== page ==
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21 February 2018

A Discovering Diamonds review of: The Falcon Strikes by Gabrielle Mathieu

AMAZON UK £3.84 £12.50
AMAZON US $5.27 $15.99 
AMAZON CA $20.12

second of a trilogy

Fantasy / Fictional Saga

This novel has been a unique read for me and left me rather wondering how to describe it. It is the second in a trilogy and I haven't read the first, leading, I suspect, to some of my indecision.

It is set in Ireland, both sides of the border, in the 1950s but the scenario played out there is a fantasy. As such it is maybe an odd choice again for Discovering Diamonds, but the pinpoint accuracy of the setting puts it firmly in the historical novel genre.

And then it diverts away from it into some odd Germanic film noir filled with odd characters and even odder props.

Peppa (short, yes, for Peppermint) Mueller travels to Ireland having left a traumatic experience in Switzerland, along with the man she loves, Tenzin Engle, another of the weird characters who is so not ordinary he is actually probably really annoying, being too good to be true. She is on the trail of a female called Silvia de Pena who orchestrated the traumatic events in Switzerland and Peppa needs to stop her doing it again. De Pena has a poison that makes people psychotic and Peppa was a test case for it. In Peppa it has awakened a totem, an inner creature that lurks in her subconscious and rears it falcon head when it feels threatened. She calls it Cora.

The novel could easily fall into clich├ęd nonsense – and in a few parts doesn't quite manage to avoid that. Silvia de Pena is a femme fatale straight out of a bad Philip Marlow-style detective story, seductive, intelligent, pure evil; the poison is named Compound Totentanz or simply Compound T, its partner in crime is Compound S, an unbelievably strong aphrodisiac made from the ludicrously named Strong Sprout. Doesn't sound very sexy, does it?

If the novel were just these elements then I might have laughed my way to giving up on it. But it isn't. Ireland of the 1950s is perfectly portrayed in such detail that you feel you are there. Ms Mathieu has made some sense of a complex political situation, neatly dividing Belfast into Green and Orange to help the reader, explains how and why splinter terrorist groups formed and manages to see both sides of the divide equally - equally corrupt and not to be trusted.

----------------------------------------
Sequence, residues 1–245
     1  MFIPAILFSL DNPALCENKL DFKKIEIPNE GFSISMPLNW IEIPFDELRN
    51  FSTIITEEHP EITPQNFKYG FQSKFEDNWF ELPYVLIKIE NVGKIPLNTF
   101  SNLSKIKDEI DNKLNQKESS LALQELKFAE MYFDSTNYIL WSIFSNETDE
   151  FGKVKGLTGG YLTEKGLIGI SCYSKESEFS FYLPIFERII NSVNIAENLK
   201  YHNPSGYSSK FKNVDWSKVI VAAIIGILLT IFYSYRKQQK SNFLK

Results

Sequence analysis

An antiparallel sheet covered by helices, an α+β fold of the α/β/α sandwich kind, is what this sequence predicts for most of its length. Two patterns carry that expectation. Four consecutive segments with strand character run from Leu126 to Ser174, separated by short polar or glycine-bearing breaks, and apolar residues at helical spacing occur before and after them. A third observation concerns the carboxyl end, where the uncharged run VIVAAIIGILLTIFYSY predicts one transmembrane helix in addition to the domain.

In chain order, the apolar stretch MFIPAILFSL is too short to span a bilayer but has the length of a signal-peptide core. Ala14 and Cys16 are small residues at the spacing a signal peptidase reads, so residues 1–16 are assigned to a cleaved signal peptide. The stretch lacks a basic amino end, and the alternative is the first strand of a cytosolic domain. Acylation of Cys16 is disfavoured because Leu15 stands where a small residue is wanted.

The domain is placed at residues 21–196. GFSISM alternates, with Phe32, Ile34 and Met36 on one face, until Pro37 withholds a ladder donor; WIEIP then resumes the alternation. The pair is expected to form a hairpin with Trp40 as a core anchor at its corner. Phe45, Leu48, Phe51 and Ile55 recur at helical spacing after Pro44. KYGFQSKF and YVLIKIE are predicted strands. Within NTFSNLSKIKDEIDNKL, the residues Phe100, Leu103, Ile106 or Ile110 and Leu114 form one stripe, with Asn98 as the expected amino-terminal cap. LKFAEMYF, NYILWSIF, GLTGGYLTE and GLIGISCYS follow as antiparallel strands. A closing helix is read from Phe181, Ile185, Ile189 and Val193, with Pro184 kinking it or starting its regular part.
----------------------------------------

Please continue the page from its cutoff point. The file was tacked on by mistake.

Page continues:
I suggest, read Book One first, as so much of this second novel relies on past events and it can be quite overwhelming, and coupled with the bizarre characters and names, it is tempting to not bother and give in, but you'd lose a compelling story and a building of tension that makes this a satisfying read. Different, certainly; off the beaten track, definitely; but ultimately pretty good!

© Nicky Galliers

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20 February 2018

Friends Of My Father by Shaun Ivory

Amazon UK £2.39 £6.99
Amazon US $3.24 $12.99
Amazon CA 

Family Drama
Ireland, near Dublin

To thirteen-year-old Brendan Lavelle, his father is a hero. Highly decorated in the First World War, John Lavelle is now the town's respected doctor. But then Brendan discovers pages of a diary his father had written during the Gallipoli campaign.

The evidence points to some sort of conspiracy involving other members of the small town community and the murder of one of their colleagues. Brendan sets himself the task of seeking the truth of this mystery – aided by the sassy Maura, a girl a little older than he with a reputation of being a bit strange -  even though it leads to Brendan doubting his father's integrity. He and Maura slowly piece together the clues which lead them to a dangerous and chilling conclusion and denouement.

What I really liked about this book was the sheer consistency of the author's writing in presenting the world through the eyes of a young child, perfectly mixed with Maura's more worldly outlook and experience.

My only quibble is with the extracts from John Lavelle's diary which are printed in a different font, one that more resembles handwriting, which I found a little difficult to read, especially as many common words are reduced to abbreviations to add to the idea that it (the diary) had been written quickly and in difficult circumstances. However, there is not too much of this.

The cover is simple but effective: a young child, wide-eyed and innocent and two shadowy figures as a background.